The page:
Oh, how I longed to be a member of the Midnight Society. Growing up with older brothers in a Halloween and horror loving household, I was exposed to slasher films at a very young age. I loved horror even as a small child, but when the lights went out, I was anxious. I longed for the comfort of sleep away from my fears of what was under the bed, only to be betrayed by my nightmares. But like knowing that next piece Halloween candy will make you sick, and still not being able to resist, I couldn't stop watching.

Are You Afraid of the Dark? was my most comforting source of horror. It was the essence of horror, the subject matter, the darkness, but I  could watch it free from any worry that I would have nightmares for a week. The tales of the Midnight Society never did me wrong. It was the goldilocks of horror for me. It scratched the itch, but it was the only thing that didn't make me afraid of the dark.

Matt Donato – Mighty Morphin Power Rangers

Sorry, no monumental surprises or discoveries for you this week. Little Donato loved his Mighty Morphin Power Rangers. What kid could resist an equal balance of martial arts action, interstellar fantasy and costumed monsters packed into episodic tales? After school it was the same mad dash either to my house or my neighbor's (the same one who corrupted me with Independence Day). Did we ever miss an episode? Not on Zordon's shimmery ghost face.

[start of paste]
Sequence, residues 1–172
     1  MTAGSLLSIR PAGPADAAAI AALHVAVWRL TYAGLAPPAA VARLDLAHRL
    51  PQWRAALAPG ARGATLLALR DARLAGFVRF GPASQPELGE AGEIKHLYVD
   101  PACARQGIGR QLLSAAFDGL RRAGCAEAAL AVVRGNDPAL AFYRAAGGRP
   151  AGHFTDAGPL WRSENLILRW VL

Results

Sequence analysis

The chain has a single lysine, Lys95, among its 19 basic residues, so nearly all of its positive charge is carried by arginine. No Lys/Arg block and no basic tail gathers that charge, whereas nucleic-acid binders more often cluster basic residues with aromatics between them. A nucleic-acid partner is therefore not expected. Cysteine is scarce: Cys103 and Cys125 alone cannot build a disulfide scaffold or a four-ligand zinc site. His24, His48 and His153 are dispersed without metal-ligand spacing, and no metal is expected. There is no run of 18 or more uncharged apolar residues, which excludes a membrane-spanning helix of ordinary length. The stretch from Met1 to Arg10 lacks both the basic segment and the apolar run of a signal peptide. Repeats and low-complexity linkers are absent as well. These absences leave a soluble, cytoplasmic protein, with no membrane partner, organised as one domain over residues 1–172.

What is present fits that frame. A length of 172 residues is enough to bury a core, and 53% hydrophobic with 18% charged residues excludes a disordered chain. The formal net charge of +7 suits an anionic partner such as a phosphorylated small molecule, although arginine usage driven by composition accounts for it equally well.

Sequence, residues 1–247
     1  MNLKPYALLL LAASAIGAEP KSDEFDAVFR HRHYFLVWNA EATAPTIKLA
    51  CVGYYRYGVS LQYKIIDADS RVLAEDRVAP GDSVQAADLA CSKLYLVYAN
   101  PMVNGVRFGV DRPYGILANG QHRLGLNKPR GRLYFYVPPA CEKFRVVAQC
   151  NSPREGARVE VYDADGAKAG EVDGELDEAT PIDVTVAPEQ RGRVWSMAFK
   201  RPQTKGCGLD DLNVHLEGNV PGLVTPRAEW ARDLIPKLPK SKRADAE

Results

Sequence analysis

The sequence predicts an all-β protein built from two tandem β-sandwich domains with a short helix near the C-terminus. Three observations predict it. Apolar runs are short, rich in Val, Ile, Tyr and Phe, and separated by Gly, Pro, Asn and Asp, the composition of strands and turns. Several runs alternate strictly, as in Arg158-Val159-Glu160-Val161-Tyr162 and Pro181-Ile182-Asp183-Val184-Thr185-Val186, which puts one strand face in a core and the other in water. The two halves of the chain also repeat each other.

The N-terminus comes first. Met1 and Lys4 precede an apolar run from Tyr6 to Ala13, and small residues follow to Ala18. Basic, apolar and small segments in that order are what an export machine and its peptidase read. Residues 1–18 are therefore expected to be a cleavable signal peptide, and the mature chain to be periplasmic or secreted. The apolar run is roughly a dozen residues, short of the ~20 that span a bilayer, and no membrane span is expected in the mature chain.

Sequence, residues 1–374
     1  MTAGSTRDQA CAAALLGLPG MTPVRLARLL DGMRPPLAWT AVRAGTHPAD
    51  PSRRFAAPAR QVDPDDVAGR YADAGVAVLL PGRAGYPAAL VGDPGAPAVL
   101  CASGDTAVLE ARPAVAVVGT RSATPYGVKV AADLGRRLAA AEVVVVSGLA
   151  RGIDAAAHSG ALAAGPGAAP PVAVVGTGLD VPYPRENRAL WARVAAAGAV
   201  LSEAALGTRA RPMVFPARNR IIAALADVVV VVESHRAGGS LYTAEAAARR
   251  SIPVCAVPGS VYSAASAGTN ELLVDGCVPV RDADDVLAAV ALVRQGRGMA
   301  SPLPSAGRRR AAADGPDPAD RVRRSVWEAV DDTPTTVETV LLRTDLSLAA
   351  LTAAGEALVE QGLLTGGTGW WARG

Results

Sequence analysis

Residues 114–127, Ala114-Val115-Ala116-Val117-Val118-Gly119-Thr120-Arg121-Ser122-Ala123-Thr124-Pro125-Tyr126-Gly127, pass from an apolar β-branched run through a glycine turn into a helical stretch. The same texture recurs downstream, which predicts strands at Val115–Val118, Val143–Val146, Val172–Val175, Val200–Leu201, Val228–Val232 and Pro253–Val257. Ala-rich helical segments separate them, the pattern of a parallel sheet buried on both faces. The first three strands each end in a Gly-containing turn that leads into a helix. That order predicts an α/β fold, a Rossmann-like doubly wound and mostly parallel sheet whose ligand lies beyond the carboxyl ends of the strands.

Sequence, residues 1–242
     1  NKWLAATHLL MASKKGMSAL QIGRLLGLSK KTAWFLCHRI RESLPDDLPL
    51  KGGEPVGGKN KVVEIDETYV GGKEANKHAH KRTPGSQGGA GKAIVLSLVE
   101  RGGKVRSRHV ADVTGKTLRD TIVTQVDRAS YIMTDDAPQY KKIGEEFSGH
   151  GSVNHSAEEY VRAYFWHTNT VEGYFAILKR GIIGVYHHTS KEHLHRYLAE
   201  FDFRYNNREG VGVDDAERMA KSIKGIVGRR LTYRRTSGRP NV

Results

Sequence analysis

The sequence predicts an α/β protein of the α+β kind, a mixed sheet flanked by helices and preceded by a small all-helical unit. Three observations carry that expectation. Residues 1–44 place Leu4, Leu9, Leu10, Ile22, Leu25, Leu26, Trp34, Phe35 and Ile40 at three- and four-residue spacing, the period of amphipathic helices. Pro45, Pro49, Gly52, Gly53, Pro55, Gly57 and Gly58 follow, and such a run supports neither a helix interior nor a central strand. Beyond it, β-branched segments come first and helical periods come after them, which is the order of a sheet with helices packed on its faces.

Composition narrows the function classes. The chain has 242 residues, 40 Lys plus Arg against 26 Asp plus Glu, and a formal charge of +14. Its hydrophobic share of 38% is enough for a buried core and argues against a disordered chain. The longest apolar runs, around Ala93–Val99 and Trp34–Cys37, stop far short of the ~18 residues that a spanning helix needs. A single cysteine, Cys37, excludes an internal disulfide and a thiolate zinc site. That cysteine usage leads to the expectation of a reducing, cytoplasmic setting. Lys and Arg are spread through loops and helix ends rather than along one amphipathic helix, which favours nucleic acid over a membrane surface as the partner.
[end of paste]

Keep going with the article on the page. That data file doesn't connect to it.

I owned all the mass-produced accompaniments. The damn near impossible Super Nintendo video game. The gloves with implanted buttons so every time you chopped or punched, a "whoosh" noise rang out loud. The action figures, VHS tapes, most likely underwear because who are we joking, ya boy lived in his graphic Fruit of the Looms. Power Rangers was my daily escape from life's problems (re: homework and chores) by way of Putty Patroller beatdowns and Rita Repulsa's failed attempts to defeat the Rangers.

I loved how in each episode a new big-boss villain could be molded from clay and spit unto the world, like a Cracker Jack prize with malicious intent. Pudgy Pig. Gnarly Gnome. Chunky Chicken. Every viewing brought a new anarchistic alliteration in the form of malicious gladiator swines to, um, whatever predatory playground nightmare Mr. Ticklesneezer was, but the Rangers never backed down. Hoisting each other into the air and comboing the hell out of whoever/whatever dared challenge Earth's guard. Plus who could hate Alpha 5! Ay-yi-yi-yi-yi and stuff!